Dick Wildung was tenacious two-way lineman

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While Wildung joined the Packers just as they were about to descend into the first extended tailspin in their history, he was a World War II veteran and tough-as-nails tackle who missed only two games in seven seasons. He might have played on some bad teams, but he was a widely respected two-way lineman when they were becoming a dying breed.

Wildung also served as the Packers’ team captain from 1948 to 1951.

Although undersized even in his era of lighter linemen, Wildung was fast, shrewd and tenacious. Indeed, he was too good not to be utilized on both offense and defense, regardless of the trend toward two-platoon football.

Wildung played left guard as a rookie and for most of his second season before moving to left tackle late in the year. In fact, his second season was maybe his best as a two-way lineman. He stood out on both sides of the ball. He continued playing both ways at left tackle in 1948 and ’49, but was bothered by a back injury in ’48, and both heel and ankle injuries in ’49. Thereafter, Wildung played mostly defense. “I was probably one of the last guys in the whole league to play both ways,” he once said.

“A very good player,” said Lou Ferry, a fellow tackle in 1949 who later served as a coach at Villanova, tutoring future Pro Football Hall of Fame lineman Howie Long. “(Wildung) wasn’t huge. There weren’t many guys who were huge back then. But he was just a great competitor. A tough guy.”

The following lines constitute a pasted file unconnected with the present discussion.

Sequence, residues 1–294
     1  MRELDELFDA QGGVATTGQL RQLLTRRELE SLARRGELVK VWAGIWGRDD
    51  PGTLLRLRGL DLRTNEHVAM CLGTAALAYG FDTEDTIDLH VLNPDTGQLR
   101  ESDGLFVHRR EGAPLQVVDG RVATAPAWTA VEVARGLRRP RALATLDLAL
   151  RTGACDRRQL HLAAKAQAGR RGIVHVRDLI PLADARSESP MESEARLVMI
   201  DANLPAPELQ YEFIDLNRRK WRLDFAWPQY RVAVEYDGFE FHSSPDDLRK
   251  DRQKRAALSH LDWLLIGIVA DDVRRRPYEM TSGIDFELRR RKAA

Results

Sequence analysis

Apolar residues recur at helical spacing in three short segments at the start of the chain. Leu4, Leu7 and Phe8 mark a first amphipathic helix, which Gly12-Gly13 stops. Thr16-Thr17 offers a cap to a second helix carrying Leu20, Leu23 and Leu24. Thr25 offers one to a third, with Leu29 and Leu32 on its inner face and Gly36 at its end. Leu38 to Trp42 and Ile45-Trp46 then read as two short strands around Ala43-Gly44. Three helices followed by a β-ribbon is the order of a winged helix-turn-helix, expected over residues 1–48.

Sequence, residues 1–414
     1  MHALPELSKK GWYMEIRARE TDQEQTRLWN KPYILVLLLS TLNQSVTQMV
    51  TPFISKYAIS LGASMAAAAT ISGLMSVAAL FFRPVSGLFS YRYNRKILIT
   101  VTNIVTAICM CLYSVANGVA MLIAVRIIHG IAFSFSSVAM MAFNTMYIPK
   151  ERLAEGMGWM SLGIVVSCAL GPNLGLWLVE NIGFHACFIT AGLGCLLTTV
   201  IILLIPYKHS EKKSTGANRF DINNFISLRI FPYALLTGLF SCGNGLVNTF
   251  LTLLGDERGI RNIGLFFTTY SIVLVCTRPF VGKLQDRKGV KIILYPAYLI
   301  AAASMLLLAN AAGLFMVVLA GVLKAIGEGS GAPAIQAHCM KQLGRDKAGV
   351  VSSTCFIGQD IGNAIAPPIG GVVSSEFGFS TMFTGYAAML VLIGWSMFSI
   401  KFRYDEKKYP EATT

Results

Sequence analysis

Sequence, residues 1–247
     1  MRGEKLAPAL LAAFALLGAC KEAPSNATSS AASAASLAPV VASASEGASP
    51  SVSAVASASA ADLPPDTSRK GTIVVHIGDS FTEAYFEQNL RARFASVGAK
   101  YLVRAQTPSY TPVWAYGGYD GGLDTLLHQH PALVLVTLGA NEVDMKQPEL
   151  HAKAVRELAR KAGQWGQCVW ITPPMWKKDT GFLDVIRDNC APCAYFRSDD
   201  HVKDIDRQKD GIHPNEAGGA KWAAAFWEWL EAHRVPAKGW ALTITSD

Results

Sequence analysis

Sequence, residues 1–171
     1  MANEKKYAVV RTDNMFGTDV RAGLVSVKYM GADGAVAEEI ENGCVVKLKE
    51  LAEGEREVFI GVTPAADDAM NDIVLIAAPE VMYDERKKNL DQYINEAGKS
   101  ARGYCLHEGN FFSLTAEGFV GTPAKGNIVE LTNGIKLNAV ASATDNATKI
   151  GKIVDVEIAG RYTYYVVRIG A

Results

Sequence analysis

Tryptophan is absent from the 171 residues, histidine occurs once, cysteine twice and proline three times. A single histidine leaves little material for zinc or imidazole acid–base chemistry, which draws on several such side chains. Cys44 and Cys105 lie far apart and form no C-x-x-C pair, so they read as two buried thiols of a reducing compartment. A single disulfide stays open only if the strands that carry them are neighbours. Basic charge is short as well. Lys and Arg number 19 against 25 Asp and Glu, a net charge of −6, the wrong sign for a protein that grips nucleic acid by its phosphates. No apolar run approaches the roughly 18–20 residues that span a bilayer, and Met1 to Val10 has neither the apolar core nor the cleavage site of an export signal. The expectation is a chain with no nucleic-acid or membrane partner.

The Packers selected Wildung in the first round, with the eighth overall selection, of the 1943 NFL draft. He was a consensus All-American in both his junior and senior years at the University of Minnesota, and was seventh in the Heisman Trophy voting as a senior.

Wildung played in the College All-Star Game on Aug. 25, 1943, but was called into the Navy within a week. Wildung served nearly three years during World War II, most of the time aboard a ship in the southwest Pacific.

The Packers announced his signing on May 23, 1946, when Wildung passed on an offer from the Los Angeles Dons of the newly formed All-America Football Conference to play in the more established NFL.

He retired before the 1952 season when his partner in a Twin Cities area hardware store died and there was nobody else to run the business. When Wildung returned to the Packers in 1953, he reported almost six weeks into training camp, but still more than three weeks before the season opener.

In his seven seasons, he played in 81 games, missing one in 1948 and another in 1949. In 1954, first-year coach Lisle Blackbourn wanted to beef up the Packers’ undersized defensive line, but was impressed enough with what he saw of Wildung on film to try and coax him into playing again. Wildung, who was about to turn 33, resisted the overtures and informed Blackbourn on July 15, 1954, that he was following through on his retirement plans.

In 1958, Wildung was offered the job of line coach with the Packers by Scooter McLean, but turned it down.

Born Aug. 16, 1921, in Anoka, Minn. Given name Richard Kay Wildung. Died March 15, 2006, at age 84.

Dick Wildung

Tackle: 1946-51, 1953

Height: 6-0; Weight: 221

College: Minnesota, 1940-42

HONORS:

  • Selected to an all-pro first team: 1947, ’49
  • Pro Bowl Selection (played since 1950): 1951

(Note: Total Football: The Official Encyclopedia of the National Football League incorrectly credited Wildung with playing in 74 games. It had him playing in only three games in 1947 when he actually played in all 12, according to the official National Football League Score Sheets. Total Football also incorrectly credited him with playing in 12 games in 1948 and 12 again in 1949 when, in fact, he actually missed one game each season according to the NFL’s official Score Sheets. He missed the Nov. 17, 1948 game and the Oct. 7, 1949 game.)

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